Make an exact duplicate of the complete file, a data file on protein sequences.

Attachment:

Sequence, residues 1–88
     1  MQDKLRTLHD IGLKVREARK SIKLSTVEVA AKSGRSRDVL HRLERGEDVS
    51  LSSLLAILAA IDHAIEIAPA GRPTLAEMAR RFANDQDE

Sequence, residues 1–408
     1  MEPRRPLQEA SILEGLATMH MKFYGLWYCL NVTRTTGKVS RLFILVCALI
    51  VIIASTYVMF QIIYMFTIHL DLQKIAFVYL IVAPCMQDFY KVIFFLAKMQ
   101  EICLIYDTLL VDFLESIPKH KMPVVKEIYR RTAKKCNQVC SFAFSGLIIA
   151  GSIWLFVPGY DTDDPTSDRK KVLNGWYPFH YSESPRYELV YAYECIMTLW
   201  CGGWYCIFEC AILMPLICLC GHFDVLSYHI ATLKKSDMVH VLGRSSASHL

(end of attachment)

Sequence, residues 1–88
     1  MQDKLRTLHD IGLKVREARK SIKLSTVEVA AKSGRSRDVL HRLERGEDVS
    51  LSSLLAILAA IDHAIEIAPA GRPTLAEMAR RFANDQDE

Sequence, residues 1–408
     1  MEPRRPLQEA SILEGLATMH MKFYGLWYCL NVTRTTGKVS RLFILVCALI
    51  VIIASTYVMF QIIYMFTIHL DLQKIAFVYL IVAPCMQDFY KVIFFLAKMQ
   101  EICLIYDTLL VDFLESIPKH KMPVVKEIYR RTAKKCNQVC SFAFSGLIIA
   151  GSIWLFVPGY DTDDPTSDRK KVLNGWYPFH YSESPRYELV YAYECIMTLW
   201  CGGWYCIFEC AILMPLICLC GHFDVLSYHI ATLKKSDMVH VLGRSSASHL